HC Deb 07 July 1997 vol 297 cc595-7
4. Mr. Bill O'Brien

To ask the Secretary of State for the Home Department if he will make a statement on his policy in respect of wheel clamping. [5509]

The Minister of State, Home Office (Mr. Alun Michael)

The present situation on wheel clamping on private land is quite unsatisfactory. We are considering what can be done to deal with those wheel clampers who unscrupulously prey on motorists.

Mr. O'Brien

I thank my hon. Friend for that reply. My constituents and I have witnessed extortion, bullying and many other threats from wheel clampers. My hon. Friend the Member for Doncaster, Central (Ms Winterton) is experiencing the same problem. We have not had the results of the consultation process started by the previous Government, and the threat from bullies through wheel clamping remains. Will my hon. Friend take note of my concerns and those expressed by other hon. Members and resurrect the consultation procedure which was started by the Tories? It was never meaningful, so we now need to do something drastic about this problem.

Mr. Michael

My hon. Friend is right. The previous Government launched a consultation process, which was used as an excuse for not accepting amendments during the passage of the 1994 Criminal Justice and Public Order Bill. We wanted to include a provision in that legislation. It should be clear that if a clamper uses threats of violence or criminal damage when demanding money, he could be committing a criminal offence. Such threatening behaviour should be reported to the police. In the short term, before there is an opportunity to deal with this problem through legislation, I give my hon. Friend an undertaking to discuss the issue with the police, so that the best use can be made of the law as it stands to protect the public.

Sir Sydney Chapman

Does the Minister agree that the public should not be allowed to trespass on private land without permission? Will he think carefully when introducing any law in that respect? The Government should uphold the right of private landowners to charge people who infringe on their land up to and not beyond a maximum amount set by the Government.

Mr. Michael

The hon. Gentleman makes an important point. The difficulty is that, often, land does not appear to be private land, or it is land on to which the public are attracted for business or commercial purposes or for a variety of other reasons. The Court of Appeal set an important precedent in its ruling in the case of Arthur and Arthur v. Anker, stating that clampers had acted legally because adequate warning signs had been displayed and the release fee had been reasonable. The problem that we must tackle is that of the unscrupulous wheel clampers who threaten or prey on the public. We are concerned that those people should be caught and should not be able to pursue those activities.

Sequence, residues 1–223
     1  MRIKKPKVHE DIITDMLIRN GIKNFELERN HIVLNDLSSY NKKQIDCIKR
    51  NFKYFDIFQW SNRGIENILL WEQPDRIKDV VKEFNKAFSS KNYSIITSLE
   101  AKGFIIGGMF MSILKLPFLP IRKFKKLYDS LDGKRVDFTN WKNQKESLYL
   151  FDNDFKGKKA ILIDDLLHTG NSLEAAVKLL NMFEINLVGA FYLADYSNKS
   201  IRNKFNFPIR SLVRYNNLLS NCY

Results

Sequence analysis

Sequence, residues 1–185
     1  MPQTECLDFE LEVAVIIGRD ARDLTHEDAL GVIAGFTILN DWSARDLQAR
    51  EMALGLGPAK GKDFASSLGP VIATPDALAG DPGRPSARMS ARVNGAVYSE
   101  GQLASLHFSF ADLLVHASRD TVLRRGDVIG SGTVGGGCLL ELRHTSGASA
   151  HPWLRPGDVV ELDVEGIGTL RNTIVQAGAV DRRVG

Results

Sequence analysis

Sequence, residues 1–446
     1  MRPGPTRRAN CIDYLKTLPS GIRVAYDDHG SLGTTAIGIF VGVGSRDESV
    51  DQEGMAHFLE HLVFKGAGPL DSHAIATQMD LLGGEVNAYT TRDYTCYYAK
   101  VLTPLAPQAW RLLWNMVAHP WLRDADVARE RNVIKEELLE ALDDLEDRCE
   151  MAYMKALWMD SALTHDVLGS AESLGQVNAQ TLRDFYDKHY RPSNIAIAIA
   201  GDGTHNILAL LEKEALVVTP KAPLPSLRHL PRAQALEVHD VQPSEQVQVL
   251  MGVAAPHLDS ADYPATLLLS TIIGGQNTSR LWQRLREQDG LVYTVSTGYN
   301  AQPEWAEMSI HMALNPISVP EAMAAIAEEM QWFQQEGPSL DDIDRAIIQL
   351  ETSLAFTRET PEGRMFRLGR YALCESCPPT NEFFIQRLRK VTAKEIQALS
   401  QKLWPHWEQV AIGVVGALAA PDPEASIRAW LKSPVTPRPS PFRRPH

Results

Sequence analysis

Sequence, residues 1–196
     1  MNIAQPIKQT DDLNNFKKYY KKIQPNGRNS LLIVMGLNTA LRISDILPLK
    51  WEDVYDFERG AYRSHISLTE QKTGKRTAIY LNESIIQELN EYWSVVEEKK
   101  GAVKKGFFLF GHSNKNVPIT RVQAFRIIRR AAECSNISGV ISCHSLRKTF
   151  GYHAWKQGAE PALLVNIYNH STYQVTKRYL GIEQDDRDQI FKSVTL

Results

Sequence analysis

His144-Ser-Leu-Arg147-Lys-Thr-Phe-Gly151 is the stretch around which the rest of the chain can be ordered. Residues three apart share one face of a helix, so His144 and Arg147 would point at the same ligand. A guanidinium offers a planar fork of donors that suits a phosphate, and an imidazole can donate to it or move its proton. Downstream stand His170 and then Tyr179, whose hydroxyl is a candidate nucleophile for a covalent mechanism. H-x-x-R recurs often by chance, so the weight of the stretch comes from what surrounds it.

Ms Rosie Winterton

Does my hon. Friend recognise that his announcement today will be widely welcomed, especially in my constituency of Doncaster, Central, where freelance clampers are regarded as little more than modern-day highway robbers, whose weapons include a beaten-up car, a rusty clamp and a mobile telephone, and whose intimidatory tactics in demanding immediate cash payment cause distress to their victims? Will he take into account during his consultation exercise any evidence that I can give him from people who have direct experience of cowboy clampers?

Mr. Michael

Yes, certainly; I would welcome evidence from my hon. Friend and others who have experienced the situation. The inception of the consultation undertaken by the previous Government dates back almost four years. We have to maintain a balance between ensuring that such actions can be deployed to deal with those who have every warning, yet persist in parking on private land when they are not justified in doing so, and ensuring that the public are protected against unscrupulous elements that exist in any trade or business. That is part of the wider agenda—the more general regulation of the private security industry— and we pleaded with the previous Government to deal with it. It is in that context that I believe we shall be able to make progress in due course.